UPDATE: We've received accurate information regarding the Parvo situation in Downtown Kalamazoo from the SPCA of SWMI:

At this time, based on the information gathered from those actively onsite at the encampment, a total of three dogs have passed away. There is also no evidence to support that any dogs have been disposed of in the Kalamazoo River. Currently, no dogs are showing clinical signs of parvovirus. However, we know that can, and will, likely change as the virus can live for years on contaminated surfaces.

Although a serious situation, they're urging residents not to panic:

We understand that it is incredibly upsetting to know that people in our community with no place to go are in the midst of a devastating crisis involving their canine companions. Parvovirus is thankfully preventable through vaccinations. It is recommended that dogs under six months of age, or not fully vaccinated, should not be taken in public spaces where other dogs may have been. This advice is valid at all times, not just in times of a known outbreak.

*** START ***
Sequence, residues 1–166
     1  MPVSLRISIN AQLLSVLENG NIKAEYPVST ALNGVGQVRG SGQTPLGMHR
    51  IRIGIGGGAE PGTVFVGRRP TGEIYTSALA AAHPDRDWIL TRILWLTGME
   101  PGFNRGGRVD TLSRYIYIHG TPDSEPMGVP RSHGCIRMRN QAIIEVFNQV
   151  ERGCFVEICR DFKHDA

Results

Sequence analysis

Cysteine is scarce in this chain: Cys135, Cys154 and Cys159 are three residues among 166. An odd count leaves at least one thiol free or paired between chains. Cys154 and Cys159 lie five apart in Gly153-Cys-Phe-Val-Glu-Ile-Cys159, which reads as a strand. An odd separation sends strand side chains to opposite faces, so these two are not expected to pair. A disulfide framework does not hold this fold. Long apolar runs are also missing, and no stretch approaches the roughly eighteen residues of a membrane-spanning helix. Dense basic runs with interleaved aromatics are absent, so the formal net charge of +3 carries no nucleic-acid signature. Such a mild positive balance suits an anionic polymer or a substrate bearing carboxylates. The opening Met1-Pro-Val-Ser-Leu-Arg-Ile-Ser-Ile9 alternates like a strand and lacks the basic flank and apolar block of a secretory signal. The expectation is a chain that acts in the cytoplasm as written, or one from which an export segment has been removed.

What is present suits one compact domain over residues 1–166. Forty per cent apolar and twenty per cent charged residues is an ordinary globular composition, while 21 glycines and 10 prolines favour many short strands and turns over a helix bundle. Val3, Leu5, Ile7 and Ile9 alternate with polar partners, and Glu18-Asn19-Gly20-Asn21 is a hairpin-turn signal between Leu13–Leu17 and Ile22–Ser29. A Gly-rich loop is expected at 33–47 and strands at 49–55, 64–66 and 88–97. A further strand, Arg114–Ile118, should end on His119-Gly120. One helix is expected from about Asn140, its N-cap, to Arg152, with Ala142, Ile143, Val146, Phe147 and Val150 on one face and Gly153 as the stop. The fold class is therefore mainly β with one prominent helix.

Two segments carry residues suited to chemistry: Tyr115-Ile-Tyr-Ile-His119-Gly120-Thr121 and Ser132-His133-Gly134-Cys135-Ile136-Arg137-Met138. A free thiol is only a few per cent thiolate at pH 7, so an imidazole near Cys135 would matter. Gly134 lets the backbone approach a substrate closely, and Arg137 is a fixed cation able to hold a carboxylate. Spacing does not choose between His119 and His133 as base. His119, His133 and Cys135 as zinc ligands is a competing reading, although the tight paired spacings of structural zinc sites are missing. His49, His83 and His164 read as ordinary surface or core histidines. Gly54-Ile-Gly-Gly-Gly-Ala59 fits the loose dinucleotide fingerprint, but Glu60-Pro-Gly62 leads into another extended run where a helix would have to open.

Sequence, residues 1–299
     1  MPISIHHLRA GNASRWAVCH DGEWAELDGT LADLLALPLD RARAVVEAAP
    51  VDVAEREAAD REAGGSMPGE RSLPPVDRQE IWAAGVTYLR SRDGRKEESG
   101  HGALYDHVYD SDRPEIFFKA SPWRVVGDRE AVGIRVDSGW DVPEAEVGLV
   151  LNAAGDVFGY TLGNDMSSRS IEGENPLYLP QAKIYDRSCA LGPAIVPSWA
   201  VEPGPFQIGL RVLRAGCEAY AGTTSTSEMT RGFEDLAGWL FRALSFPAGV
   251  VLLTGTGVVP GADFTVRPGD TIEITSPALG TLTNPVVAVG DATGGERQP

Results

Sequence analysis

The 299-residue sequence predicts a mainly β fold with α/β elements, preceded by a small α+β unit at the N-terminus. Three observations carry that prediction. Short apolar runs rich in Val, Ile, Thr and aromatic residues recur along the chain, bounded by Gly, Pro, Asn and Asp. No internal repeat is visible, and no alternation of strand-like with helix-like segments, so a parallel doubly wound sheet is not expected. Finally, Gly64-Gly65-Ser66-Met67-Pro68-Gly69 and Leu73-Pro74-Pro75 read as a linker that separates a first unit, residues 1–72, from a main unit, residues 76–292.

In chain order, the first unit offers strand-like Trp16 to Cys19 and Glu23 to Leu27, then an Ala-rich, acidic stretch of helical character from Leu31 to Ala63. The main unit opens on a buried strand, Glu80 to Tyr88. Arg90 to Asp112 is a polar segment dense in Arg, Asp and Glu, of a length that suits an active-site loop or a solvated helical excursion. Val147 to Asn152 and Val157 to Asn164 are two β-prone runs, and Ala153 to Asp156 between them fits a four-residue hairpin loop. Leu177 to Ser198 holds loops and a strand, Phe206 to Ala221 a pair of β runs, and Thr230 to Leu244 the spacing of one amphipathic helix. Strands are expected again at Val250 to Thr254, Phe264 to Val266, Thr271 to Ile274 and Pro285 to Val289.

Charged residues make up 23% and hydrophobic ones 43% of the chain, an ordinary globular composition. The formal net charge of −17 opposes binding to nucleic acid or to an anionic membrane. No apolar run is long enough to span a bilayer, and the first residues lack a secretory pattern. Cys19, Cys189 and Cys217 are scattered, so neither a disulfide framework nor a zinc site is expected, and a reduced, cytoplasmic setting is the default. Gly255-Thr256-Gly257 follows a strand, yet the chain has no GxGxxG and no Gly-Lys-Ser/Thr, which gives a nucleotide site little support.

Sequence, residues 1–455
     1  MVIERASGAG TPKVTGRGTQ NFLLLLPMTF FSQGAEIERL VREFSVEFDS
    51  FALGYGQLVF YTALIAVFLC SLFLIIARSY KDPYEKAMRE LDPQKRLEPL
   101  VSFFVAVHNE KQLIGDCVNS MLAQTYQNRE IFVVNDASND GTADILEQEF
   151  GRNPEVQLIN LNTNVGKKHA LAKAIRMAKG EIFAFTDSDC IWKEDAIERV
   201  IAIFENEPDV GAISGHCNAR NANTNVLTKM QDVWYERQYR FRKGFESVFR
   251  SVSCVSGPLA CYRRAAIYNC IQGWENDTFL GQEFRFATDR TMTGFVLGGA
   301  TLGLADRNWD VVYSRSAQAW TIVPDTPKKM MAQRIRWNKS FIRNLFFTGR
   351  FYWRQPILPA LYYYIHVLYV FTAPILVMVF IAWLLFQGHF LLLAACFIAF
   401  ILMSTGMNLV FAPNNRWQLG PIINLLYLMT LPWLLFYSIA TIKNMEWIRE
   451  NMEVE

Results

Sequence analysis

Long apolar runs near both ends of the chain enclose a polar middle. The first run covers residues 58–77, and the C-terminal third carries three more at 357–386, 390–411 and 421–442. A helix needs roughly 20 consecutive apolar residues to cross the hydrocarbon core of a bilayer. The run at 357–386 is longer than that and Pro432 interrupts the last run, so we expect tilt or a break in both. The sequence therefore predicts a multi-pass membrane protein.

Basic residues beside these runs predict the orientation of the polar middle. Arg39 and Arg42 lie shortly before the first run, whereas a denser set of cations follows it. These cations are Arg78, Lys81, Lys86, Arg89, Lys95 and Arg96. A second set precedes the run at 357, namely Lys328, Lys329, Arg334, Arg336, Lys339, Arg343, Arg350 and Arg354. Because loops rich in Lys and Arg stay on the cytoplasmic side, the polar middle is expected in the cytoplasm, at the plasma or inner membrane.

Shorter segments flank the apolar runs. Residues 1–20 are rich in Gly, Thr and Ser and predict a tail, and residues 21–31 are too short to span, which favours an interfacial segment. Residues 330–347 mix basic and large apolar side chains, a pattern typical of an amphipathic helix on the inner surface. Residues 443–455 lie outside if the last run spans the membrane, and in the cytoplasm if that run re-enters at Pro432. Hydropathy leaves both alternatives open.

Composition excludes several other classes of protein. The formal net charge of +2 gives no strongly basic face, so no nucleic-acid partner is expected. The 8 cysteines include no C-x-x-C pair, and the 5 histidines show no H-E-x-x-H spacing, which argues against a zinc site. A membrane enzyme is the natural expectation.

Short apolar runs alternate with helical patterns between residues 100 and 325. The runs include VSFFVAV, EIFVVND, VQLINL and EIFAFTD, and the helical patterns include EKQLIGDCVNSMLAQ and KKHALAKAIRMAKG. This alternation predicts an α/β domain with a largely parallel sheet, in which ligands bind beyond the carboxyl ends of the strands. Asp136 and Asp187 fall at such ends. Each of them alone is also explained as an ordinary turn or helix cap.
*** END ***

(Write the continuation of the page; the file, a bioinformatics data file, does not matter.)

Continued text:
The SPCA of Southwest Michigan has cancelled the Bark In The Park event which was supposed to take place Thursday August 26th. The SPCA has recently released information on their decision to cancel the event because of the massive Parvovirus outbreak at the homeless encampment in Downtown Kalamazoo:

After speaking with animal control and getting information on the outbreak, we cannot guarantee the safety of our dogs and the communities pets. We can’t with good conscience have an event that puts our loved ones at risk. If an organization is in need of help with these sick dogs, or a person in need with one, please let us know. We want to help in any way we can.
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This has also caused an issue for the Bark & Brews event which is also supposed to take place at Homer Stryker Field this Saturday, August 28th, as no dogs will be permitted at the event.

Do not continue to share information about this situation from unreliable sources. Social media has many benefits, but the amount of misinformation circulating perpetuates panic and hysteria. We can do more good for our community by maintaining level-headedness, ensuring that owned pets are adequately vaccinated, and sharing resources to help the underserved.

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